mjj (flemmings) wrote,

I think I will not hang myself today, part the whatever

Thanks to jonquil on the FFL (whose entry you might want to look at if you don't have access to the NYT, and for background) we have a list of abbreviations from The Anglo-American Telegraphic Code of 1891. Commonly used telegraph phrases reduced to IIRC and IANAL, only not acronymic.

Hemstitch-- hindered by ill health
Phantastic-- physician gives very little hope
Emication-- the epidemic has broken out again
Mahogany-- malaria prevails extensively
Desertless-- denial is useless
Roselite-- resistance is useless
Valve-- all efforts are in vain
Crypt-- credit is exhausted

Well, maybe I *will* hang myself today.

This could get quite Goreyish:
Noted-- a notorious character
Abusage-- his absence is rather mysterious
Foretold-- abundant reason to be frightened
Acescet-- has met with a trifling accident
Hypozoic-- I am slightly hurt

Crisp-- can you recommend to me a good female cook?
Hub-- can you recommend to me a competent housemaid?
Amphimacer-- you must send my allowance immediately

Ahh, those were the days.

Let us at the very least adopt Slank-- sick of the entire matter

Cardinal Bandini catalogued the Medici library-- or rather, much of the Medici library-- back in the 18th century. Chatty man, and frighteningly thorough. Told you not only what was contained in various Greek manuscripts but what was written in the margins as well. I remember the family history someone had recorded on the last page of a Greek Bible, which the Cardinal reproduced in full.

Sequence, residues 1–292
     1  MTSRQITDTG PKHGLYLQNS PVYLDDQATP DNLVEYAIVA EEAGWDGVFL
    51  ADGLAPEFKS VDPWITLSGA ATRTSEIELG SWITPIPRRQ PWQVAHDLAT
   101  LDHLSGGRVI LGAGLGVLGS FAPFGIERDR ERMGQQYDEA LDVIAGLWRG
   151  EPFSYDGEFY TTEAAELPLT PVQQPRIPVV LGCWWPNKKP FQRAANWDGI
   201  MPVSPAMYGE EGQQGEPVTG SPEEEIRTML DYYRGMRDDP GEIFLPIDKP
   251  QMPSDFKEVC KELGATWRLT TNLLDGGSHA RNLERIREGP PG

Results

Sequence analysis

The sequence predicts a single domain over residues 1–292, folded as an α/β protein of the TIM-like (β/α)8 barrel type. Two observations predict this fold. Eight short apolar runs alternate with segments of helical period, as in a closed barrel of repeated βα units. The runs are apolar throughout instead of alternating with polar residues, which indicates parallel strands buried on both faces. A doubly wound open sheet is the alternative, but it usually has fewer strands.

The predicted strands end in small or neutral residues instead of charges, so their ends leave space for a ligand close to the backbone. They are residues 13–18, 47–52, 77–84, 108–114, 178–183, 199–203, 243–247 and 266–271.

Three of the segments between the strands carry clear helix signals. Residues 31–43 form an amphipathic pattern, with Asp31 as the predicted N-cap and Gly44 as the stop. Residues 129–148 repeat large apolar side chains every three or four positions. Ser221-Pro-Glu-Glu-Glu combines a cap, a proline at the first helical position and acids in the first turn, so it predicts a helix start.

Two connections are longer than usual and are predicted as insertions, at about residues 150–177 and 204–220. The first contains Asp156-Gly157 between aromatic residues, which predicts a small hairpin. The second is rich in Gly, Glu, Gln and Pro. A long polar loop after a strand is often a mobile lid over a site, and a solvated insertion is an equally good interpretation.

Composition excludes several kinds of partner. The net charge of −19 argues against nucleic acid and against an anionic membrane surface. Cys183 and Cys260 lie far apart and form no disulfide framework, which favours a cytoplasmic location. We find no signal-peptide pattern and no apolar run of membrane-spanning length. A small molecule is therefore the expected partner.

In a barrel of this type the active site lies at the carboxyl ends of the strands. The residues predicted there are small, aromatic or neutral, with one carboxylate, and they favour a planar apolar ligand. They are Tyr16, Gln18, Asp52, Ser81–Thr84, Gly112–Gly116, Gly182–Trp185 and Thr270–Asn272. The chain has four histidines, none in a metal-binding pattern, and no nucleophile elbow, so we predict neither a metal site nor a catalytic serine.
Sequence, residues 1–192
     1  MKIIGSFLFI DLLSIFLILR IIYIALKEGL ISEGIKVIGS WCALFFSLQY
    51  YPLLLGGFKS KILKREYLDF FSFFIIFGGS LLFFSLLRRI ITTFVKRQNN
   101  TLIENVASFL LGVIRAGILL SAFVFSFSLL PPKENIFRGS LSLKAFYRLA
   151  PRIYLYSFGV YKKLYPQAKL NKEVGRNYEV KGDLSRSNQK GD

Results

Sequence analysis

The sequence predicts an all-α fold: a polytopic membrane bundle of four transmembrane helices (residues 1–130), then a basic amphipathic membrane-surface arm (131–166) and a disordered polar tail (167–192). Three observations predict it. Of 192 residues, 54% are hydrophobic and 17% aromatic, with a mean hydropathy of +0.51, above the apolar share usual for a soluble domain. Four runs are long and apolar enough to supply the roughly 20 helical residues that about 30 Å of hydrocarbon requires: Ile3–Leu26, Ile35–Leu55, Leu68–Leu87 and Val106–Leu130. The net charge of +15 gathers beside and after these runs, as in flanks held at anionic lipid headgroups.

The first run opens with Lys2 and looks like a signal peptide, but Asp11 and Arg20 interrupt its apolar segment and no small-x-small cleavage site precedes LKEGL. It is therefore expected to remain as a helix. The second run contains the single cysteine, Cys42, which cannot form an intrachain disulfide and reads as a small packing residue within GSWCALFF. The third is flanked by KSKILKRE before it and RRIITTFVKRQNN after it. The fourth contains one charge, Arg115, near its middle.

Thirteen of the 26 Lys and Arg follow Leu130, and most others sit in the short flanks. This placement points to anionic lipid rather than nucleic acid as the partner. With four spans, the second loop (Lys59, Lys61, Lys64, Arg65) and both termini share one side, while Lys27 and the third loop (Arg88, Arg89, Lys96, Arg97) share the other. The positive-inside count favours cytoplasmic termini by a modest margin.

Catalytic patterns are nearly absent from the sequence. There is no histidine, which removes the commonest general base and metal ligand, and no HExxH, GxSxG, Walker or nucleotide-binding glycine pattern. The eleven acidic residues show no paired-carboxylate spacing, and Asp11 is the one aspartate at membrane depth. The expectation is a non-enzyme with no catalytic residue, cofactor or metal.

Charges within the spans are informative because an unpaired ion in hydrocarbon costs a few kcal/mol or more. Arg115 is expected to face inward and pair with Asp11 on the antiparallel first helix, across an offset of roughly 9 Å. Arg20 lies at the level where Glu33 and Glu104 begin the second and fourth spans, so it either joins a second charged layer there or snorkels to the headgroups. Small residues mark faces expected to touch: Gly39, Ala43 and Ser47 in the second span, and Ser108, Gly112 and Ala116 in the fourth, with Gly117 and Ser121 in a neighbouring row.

1160, April 2 This day was born and died my son Nicholas
1161, August 17 This day was born and died my son Theodore
1162, Oct 25 This day was born my daughter Anna
1165, Sept 5 This day was born and died my twin sons Damian and Manuel
1166, Feb 4 This day died my father Nicholas Manuel, aged 60. May Christ the Redeemer have mercy on him and grant him swift passage to heaven (on and on for several more lines)
1168, July 11 This day was born and died my daughter Ekaterina
1169, Oct 30 This day died Alexius the Patriarch, a man of most renowned sanctity and ascetic life. A true shepherd to his flock, a true servant of the Emperor, honoured among the nations (on and on for several more lines)
1170, January 18 This day was born my son Peter
1173, March 7 This day was born and died my daughter Helena
1176, Nov 22 This day was born my grandson Constantine

At which point I went Wait, what, *grandson*? Yeah well, little Anna was now 14 and a happy mother made. (Is also possible that the Bible's owner had other kids before he bought the Bible and started writing in the back.)

Point being that there's nothing like reading the original sources to have your nose thoroughly rubbed in the reality of life back then. Another country-- they do things differently there.

ETA- oh, and while we're here, toft_froggy is being inspired as ever, and someone in her comments is breaking my heart. Poor mad Dr. Watson. Do not read if hormonal or if crying gives you migraines.
Tags: history, language, verse

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